The statement is true. Write $F_n$ for the $n$-th Fibonacci (my indexing starts at $(F_0, F_1, F_2, F_3, \dots) = (0,1,1,2,\dots)$). We are being asked to show that
$$\frac{1}{F_{j+1}} > \sum_{m=F_{j}+1}^{F_{j+1}} \frac{1}{m} - \sum_{m=F_{j-1}+1}^{F_{j}} \frac{1}{m} > 0\ \mbox{for}\ j \geq 6.$$
Computer computations easily check this for $6 \leq j \leq 20$, so we only need to check large $j$.

We know that
$$H(n) = \log n + \gamma + \frac{1}{2n} + O(1/n^2)$$
where the constant in the $O( \ )$ can be made explicit -- something like $1/12$.
So
$$\sum_{m=B+1}^C \frac{1}{m} - \sum_{m=A+1}^B \frac{1}{m} = \log \frac{AC}{B^2} + \frac{1}{2} \left(\frac{1}{A}-\frac{2}{B}+\frac{1}{C} \right) + O(1/A^2)$$
where the constant in the $O( \ )$ is something like $1/3$.

Now, $F_{j-1} F_{j+1} = F_j^2 \pm 1$. So
$$\log \frac{F_{j-1} F_{j+1}}{F_j^2} = \log \left( 1 \pm \frac{1}{F_j^2} \right) = O(1/F_j^2).$$
So, up to terms with error $O(1/F_j^2)$ and a fairly small constant in the $O( \ )$, we are being asked to show that
$$\frac{1}{F_{j+1}} > \frac{1}{2} \left( \frac{1}{F_{j+1}} - \frac{2}{F_j} + \frac{1}{F_{j-1}} \right) > 0.$$

Set $\tau = \frac{1+\sqrt{5}}{2}$, and recall that $F_j = \frac{\tau^j}{\sqrt{5}} + O(\tau^{-j})$. Then, up to errors of $O(\tau^{-3j}) = O(1/F_j^3)$, this turns into the inequalities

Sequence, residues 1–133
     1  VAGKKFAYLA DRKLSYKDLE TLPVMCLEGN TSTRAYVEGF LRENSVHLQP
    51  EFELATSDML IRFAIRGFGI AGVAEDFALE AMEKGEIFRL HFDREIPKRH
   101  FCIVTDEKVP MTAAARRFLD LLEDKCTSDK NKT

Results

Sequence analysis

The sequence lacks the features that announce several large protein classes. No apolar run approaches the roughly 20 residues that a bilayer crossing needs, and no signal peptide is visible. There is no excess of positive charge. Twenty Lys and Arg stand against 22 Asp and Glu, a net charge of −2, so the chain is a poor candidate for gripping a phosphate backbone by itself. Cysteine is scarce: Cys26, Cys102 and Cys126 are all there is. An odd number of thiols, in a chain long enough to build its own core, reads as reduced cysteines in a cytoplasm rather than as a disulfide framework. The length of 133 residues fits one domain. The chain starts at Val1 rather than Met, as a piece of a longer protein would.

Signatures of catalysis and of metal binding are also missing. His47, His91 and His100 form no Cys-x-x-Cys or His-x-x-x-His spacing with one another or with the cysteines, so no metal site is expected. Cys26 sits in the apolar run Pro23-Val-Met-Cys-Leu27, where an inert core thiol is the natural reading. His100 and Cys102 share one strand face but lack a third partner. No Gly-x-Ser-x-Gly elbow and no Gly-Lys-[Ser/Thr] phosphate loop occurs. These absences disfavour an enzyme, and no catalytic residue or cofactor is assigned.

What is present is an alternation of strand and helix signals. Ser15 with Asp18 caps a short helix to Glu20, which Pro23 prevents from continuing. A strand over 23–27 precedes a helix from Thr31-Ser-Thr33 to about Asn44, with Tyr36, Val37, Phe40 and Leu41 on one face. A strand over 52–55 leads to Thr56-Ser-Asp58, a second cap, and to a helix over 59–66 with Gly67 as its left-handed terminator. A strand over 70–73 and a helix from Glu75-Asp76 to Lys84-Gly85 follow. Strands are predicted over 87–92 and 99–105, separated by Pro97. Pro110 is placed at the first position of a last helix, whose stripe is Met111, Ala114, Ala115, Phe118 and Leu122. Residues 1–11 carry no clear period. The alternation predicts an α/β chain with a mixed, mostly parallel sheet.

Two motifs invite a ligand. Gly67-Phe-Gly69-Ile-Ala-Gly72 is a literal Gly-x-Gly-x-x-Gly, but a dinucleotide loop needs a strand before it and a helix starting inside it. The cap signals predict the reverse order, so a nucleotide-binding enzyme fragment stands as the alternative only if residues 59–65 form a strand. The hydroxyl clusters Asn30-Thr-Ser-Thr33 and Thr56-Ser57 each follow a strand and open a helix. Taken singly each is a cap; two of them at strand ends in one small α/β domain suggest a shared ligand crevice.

$$\frac{1}{\tau^2} > \frac{1}{2} \left( 1 - \frac{2}{\tau} + \frac{1}{\tau^2} \right) > 0.$$
The latter is obviously true; the former can be checked by calculation.

It looks like the same analysis should apply sufficiently far out any linear recursion with solution of the form $G_j = c_1 \theta_1^j + \sum_{r=2}^s c_r \theta_r^j$ where $1 < \theta_1 < 1+\sqrt{2}$ and $|\theta_r|<1$ for $r>1$. (So $\theta_1$ should be a Pisot number.) The inequality $|\theta_r|<1$ makes $\log \frac{G_{j+1} G_{j-1}}{G_j^2} \approx \frac{\max_{r \geq 2} |\theta_r|^j \theta_1^j}{\theta_1^{2j}}$ be much less than $1/G_j \approx 1/\theta_1^j$. The inequality $\theta_1 < 1+\sqrt{2}$ makes $1/\theta^2 > (1/2)(1-2/\theta+1/\theta^2)$.

isposed in the manner of an American Mathematical Monthly problem (where proposers are often already in possession of a solution); I hope this is not the case here. Meanwhile, I find this question quite intriguing. $\endgroup$ – Todd Trimble♦ Feb 16 '15 at 15:11